If possible researchers would like to talk to people who have been engaged in a criminal prosecution of this type from 2004 onwards.The specific issues to be covered include:
1. How do police attending domestic violence call-outs provide battered women with an opportunity to make a criminal complaint about the violence experienced?
2. How do police and prosecution authorities include battered women in decision-making about appropriate charges to be laid?
3. How are battered women provided with support and information throughout the trial of the case?
4. What kinds of sentencing outcomes are appropriate?
5. What were the effects of criminal prosecution- does it contribute to safety / fear etc.

Does this fit you? If so, you will also need to live in south-east Queensland. If you believe you are suitable, email me at and I can put you in touch.

New Regional Family Services Announced

Ministerial Media Release:

Attorney-General, Robert McClelland, today announced funding for fifteen regional services to provide support for families experiencing relationship and separation issues. The additional services include fourteen new Post Separation Cooperative Parenting centres and a Regional Dispute Resolution Service.

“Services such as these are enormously valuable in assisting parents to make critical decisions about parenting after separation, while maintaining a focus on the best interests of their children,” Mr McClelland said. These new services will be located in regional centres to ensure that families can access the help they need to address parenting issues.

The Post Separation Cooperative Parenting centres will offer counselling, education and seminars to highlight to parents the impact that conflict can have on children, and in doing so teach parents about different ways to manage conflict and support their children.

The Regional Dispute Resolution Service, to be located in Broken Hill, will assist separating families to reach agreement to resolve disputes as an alternative to costly and protracted court proceedings. “I congratulate the organisations that have been selected to provide these important new services,” Mr McClelland said.

Location Service provider

Bega Anglicare Diocese of Sydney
Nowra Anglicare Diocese of Sydney
Wagga Centacare Managers Inc

Ballarat Ballarat Consortium for Family Relationship Services
(Consortium members: Child and Family Services Ballarat Inc,
Centacare, Catholic Diocese of Ballarat Inc and Relationships
Australia Victoria)
Bendigo Centacare Sandhurst
Mildura Mallee Family Care
Morwell Centacare Catholic Family Services

Ipswich Lifeline Community Care Queensland
Mackay Lifeline Community Care Queensland

South Australia
Port Augusta UnitingCare Wesley, Port Pirie
Berri Relationships Australia South Australia

Western Australia
Geraldton Geraldton Family Relationships Consortium
(Consortium Members: Centacare Family Relationships Services,
Geraldton Regional Community Education Centre; Chrysalis
Support Centre, Geraldton Resource Centre, Midwest Men’s Health
Inc and Women’s Health Resource Centre Inc)

Northern Territory
Alice Springs Relationships Australia NT / Centacare NT PSCP Consortium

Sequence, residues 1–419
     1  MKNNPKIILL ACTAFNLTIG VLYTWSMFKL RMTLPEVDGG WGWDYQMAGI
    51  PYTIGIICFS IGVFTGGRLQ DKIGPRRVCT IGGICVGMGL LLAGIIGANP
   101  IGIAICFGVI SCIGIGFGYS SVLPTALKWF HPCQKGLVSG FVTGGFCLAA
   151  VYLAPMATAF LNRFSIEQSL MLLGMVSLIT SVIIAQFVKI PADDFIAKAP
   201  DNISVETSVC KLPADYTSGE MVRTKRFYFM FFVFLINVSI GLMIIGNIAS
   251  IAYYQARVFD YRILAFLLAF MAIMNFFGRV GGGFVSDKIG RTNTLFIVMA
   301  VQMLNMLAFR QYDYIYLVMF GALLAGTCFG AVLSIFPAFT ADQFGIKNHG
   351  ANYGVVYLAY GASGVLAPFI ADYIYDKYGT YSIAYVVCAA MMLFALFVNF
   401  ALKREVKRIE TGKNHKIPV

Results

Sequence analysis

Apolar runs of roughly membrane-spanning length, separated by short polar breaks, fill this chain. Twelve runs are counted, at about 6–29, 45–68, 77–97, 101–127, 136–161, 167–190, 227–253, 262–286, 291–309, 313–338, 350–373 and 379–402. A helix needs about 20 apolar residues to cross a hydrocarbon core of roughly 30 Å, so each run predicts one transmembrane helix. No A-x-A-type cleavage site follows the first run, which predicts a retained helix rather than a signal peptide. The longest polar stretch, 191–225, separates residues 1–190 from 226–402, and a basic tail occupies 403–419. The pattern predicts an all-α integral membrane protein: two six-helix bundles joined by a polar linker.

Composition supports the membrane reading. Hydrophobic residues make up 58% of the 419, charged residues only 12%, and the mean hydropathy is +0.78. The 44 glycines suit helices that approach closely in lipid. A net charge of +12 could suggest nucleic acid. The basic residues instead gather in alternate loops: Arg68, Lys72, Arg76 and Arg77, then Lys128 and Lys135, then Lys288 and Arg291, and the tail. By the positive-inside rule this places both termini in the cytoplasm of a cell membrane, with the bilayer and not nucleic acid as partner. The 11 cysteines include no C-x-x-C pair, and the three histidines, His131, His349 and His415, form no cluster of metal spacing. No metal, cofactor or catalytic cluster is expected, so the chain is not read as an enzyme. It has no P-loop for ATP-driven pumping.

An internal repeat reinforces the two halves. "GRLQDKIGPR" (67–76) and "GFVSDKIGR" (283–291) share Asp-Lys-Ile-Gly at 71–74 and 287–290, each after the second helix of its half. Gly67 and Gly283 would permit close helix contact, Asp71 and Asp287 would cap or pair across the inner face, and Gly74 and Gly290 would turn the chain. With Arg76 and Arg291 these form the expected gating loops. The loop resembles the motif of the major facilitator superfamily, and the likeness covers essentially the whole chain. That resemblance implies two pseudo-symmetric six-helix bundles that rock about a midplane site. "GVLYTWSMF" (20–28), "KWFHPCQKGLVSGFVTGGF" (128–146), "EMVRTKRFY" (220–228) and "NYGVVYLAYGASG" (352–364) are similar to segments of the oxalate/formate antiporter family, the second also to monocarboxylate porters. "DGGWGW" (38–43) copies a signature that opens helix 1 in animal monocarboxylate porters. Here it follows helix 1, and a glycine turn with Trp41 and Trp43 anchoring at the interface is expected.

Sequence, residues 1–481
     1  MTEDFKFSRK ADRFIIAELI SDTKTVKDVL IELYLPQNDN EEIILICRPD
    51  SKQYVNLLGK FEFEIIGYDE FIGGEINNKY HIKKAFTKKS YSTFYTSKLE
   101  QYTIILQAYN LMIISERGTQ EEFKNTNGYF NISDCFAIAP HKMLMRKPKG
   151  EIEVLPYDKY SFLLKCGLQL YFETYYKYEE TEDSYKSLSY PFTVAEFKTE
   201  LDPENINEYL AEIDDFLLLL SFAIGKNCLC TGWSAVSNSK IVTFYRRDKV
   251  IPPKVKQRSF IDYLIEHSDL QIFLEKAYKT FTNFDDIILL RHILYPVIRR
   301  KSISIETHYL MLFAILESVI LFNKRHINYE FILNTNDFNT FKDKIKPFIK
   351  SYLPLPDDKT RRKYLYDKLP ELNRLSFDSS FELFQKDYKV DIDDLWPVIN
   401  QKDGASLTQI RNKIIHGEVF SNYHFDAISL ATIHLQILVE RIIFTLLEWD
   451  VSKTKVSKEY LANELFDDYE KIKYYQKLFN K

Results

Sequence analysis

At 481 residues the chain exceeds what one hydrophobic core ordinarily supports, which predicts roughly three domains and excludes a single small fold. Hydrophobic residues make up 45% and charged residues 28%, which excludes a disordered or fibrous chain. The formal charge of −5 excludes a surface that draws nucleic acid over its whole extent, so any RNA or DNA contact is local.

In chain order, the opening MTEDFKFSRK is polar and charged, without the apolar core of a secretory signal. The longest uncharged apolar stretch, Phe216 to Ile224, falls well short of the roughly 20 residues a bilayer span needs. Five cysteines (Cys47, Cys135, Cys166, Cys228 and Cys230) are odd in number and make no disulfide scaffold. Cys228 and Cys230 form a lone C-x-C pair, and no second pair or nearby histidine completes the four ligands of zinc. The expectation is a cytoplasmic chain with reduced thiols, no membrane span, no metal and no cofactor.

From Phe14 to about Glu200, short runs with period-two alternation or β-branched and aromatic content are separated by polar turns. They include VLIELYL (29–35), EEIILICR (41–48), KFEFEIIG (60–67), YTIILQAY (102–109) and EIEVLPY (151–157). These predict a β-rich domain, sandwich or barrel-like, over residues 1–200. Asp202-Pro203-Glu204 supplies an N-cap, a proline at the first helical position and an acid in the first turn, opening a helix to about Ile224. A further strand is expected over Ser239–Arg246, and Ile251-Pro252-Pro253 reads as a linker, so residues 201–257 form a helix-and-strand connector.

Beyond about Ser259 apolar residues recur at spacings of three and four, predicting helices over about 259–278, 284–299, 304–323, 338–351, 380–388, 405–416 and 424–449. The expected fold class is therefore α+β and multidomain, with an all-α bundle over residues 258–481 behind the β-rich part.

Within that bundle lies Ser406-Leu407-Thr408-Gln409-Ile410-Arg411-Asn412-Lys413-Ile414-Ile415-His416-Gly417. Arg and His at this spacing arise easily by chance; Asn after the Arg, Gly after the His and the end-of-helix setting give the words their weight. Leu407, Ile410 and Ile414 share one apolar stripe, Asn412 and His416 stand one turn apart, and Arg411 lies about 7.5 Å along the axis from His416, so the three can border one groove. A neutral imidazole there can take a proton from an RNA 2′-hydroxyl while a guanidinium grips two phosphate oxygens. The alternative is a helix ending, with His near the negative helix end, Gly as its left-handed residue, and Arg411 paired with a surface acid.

Devonport Centacare Tasmania
Federal Magistrates Court reminder about court forms
Family Court: Obligations of parents in children's matters

Federal Magistrate Court Initiating Application (Family Law)

Reminder from the Federal Magistrates Court:

In March 2009 amendments were made to the combined Initiating Application form in light of the conferral of de facto jurisdiction. The amended form included a new Part H. In the Federal Magistrates Court litigants were advised to use the revised Initiating Application from 1 March 2009 however to avoid hardship the Federal Magistrates Court allowed a period of 3 months grace for the filing of the previously approved Initiating Application.This notice is by way of reminder to advise that as from 1 June 2009 there will no longer be a period of grace and litigants will be required to file the Initiating Application as approved for use from 1 March 2009. The form is available at the following link:
Twitter: clarinette02 aint no spammer- please restore ASAP #putitback

Family Court: Obligations of parents in children's matters

In the recent Family Court case of Larvin and Larvin, Justice Cronin made orders on an undefended basis in a children's matter, after making these comments:

Whilst there are very strong statements by this Court about financial
disclosure, not much is often said about parenting cases where litigants fail to
comply with directions and orders. In a number of ways, it is more important for
parties to comply with the rules and orders that would enable them and the Court
to have some meaningful opportunity to analyse what is best for the children. If
parties do not comply, a Court should not be reticent about striking
applications out and precluding participation. Children have a right to have
their futures settled as quickly as possible based upon comprehensive
information. A refusal or failure to provide that information leaves a court
with the difficulty of having to decide whether to pursue the information
itself. If a court is satisfied that there is sufficient information, it should
not be reticent about making orders even if it means limiting the participation
of an uncooperative parent.